Venus1485 did well to survive to 5th place, but that's where the joyride ended. In a three-way pot with OLeG______JT and limpupus, Venus1485 drew the short straw. At the river, Venus1485's board showed X-X / 3-Q-9-9 / X, a hand that was almost board-locked out of beating limpupus' X-X / 7-4-A-T / X. limpupus produced a 5, 3 and 9 in the hole for a final hand of 7-5, more than enough to dispose of Venus1485.
By the 4pm break, four players remained: OLeG______JT (5.7 million), limpupus (5.4 million), dewast_out (3.6 million) and Niendorfer (1.9 million). Limits of 250k-500k pushed the average stack down to about 4.1 million, or about 8 big bets. The end rated to come quickly.
The short-stacked Niendorfer was the first player to go belly-up after the break. Losing a key pot to dewast_out left Niendorfer looking for three cards to play. T-A / 2 looked good but finished in 2nd place to dewast_out's 5-2 / 8. dewast_out improved to an 8-5; Niendorfer could only muster a 10-6 and hit the rail in 4th place.
The remaining three players were almost level. Each had between 5 and 6 million. dewast_out offered an even chop but the other players demurred. Play continued.
The ebbs and flows of three-handed play found limpupus folding most often and making the greatest number of second-best hands. At the 400k-800k level, limpupus was down to about 2.7 million in chips. Most of them went in on 5th street against dewast_out, who showed down two pair with 6-2 / 6-A-A. limpupus was slightly in the lead with a king, 2-A / 8-9-K. But the cards broke badly from there, as limpupus caught a 5 and a 10 to make a 9-8. It was pipped by dewast_out, who caught a 4 and a 9 for a 9-6.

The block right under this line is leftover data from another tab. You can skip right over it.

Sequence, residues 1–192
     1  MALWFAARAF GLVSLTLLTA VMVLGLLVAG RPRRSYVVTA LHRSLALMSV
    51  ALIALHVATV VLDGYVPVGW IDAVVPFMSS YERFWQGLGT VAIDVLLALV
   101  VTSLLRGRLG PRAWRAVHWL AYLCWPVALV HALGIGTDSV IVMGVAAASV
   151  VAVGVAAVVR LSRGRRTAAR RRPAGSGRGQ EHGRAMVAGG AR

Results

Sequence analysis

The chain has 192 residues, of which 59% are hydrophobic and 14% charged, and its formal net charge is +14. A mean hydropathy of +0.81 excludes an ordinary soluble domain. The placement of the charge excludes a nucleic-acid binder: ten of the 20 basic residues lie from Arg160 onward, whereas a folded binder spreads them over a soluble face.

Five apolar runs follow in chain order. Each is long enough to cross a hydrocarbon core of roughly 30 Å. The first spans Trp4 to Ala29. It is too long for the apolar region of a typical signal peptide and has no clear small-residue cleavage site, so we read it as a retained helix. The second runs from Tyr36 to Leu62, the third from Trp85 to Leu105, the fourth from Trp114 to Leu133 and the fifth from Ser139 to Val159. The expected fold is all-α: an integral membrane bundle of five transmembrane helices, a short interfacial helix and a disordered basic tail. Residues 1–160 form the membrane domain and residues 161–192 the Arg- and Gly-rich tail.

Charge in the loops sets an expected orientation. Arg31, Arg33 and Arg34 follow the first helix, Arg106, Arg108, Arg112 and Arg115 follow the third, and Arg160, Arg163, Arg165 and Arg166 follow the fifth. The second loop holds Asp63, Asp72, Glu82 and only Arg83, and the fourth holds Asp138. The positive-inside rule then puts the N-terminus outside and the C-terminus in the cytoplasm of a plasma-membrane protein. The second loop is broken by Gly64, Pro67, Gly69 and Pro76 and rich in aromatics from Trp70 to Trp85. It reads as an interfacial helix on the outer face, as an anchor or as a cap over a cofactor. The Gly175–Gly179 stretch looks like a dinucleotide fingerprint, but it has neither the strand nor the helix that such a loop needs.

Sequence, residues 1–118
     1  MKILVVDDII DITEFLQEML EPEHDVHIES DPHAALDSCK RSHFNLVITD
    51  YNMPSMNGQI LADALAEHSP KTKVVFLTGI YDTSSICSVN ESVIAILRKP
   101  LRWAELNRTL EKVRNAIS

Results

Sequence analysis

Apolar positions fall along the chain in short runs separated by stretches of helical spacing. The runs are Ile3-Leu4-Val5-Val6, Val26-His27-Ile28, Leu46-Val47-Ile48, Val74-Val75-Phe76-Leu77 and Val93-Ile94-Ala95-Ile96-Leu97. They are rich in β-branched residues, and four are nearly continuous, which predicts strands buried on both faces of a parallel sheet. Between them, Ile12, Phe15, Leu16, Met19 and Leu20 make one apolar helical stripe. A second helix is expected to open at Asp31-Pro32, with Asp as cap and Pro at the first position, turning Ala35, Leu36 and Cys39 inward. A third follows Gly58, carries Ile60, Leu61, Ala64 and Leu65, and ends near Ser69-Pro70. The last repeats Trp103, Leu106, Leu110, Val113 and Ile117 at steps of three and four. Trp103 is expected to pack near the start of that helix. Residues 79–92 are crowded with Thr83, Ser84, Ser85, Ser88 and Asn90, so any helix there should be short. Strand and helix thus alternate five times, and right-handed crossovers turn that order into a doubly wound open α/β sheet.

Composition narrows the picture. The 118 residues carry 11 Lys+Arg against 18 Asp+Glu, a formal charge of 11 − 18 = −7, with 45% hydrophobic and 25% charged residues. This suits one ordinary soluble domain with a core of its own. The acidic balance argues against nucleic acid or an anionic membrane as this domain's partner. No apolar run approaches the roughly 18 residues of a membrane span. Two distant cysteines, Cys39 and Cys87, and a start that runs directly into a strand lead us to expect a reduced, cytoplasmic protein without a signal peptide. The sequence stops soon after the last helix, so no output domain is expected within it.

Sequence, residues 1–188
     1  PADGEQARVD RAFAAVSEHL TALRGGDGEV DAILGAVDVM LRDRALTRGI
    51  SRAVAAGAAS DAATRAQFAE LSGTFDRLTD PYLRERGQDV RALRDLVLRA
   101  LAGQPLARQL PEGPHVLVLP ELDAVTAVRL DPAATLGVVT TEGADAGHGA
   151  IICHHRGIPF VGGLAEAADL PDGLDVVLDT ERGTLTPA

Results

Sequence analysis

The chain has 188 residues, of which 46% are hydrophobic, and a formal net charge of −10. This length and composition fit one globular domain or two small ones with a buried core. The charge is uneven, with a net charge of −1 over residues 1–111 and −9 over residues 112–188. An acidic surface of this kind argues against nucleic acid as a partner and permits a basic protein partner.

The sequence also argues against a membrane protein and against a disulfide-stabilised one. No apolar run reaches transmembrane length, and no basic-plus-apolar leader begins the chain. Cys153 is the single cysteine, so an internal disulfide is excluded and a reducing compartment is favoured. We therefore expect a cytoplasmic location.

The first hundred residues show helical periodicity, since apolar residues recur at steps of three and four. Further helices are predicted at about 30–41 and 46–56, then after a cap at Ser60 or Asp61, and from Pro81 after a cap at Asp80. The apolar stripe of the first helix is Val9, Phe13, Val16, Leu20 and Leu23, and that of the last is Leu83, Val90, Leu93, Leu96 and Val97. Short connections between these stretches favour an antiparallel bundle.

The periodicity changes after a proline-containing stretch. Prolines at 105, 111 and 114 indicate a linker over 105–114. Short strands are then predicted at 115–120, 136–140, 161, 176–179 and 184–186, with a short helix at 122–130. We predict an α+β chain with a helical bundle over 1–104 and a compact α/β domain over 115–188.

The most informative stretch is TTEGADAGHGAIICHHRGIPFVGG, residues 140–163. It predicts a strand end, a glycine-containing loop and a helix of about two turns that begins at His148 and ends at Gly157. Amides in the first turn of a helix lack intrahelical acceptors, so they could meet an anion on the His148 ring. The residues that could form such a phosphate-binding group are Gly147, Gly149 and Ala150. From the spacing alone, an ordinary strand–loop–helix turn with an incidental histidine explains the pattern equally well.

Heads-up play pitted the player seeking a chop, dewast_out, against the player who very politely turned down a chop multiple times, OLeG______JT. dewast_out started with a chip lead of about two big bets.
They played without much change in the relative chip stacks well into the 500k - 1 million level. At that point dewast_out again offered to deal. OLeG______JT was more willing, with the stacks so shallow, and proposed an even 50/50 split despite the fact that dewast_out had a slight 9-to-7 chip lead.
"By chips," dewast_out replied. "You don't have such an edge on me to 50/50."
"Ok play," replied OLeG______JT. No deal.
From there it was all dewast_out. OLeG______JT folded one sizable pot at the river, then faced a similar situation a few hands later in this pivotal hand:
That crippled OLeG______JT, who made a stand the next hand with 10-A / 9. It did not make the winner against dewast_out, who started T-Q / 2. Q-10-6 was enough, as OLeG______JT made three pair to finish with a pair of aces for low.
So often tournament poker can come down to one pivotal hand. In Event 36, that pivotal hand favored dewast_out, and for that reason dewast_out is the Event 36 champion.
2012 MicroMillions II Event 36 $4.40 Razz results:
1st: dewast_out ($2,278.70)
2nd: OLeG______JT ($1,607.04)
3rd: limpupus ($1,205.28)
4th: Niendorfer ($937.44)
5th: Venus1485 ($669.60)
6th: gieras ($401.76)
7th: Didi Demel ($254.31)
8th: KrilSMK ($123.87)
For more information on the MicroMillions II, check out the Micro Millions home page.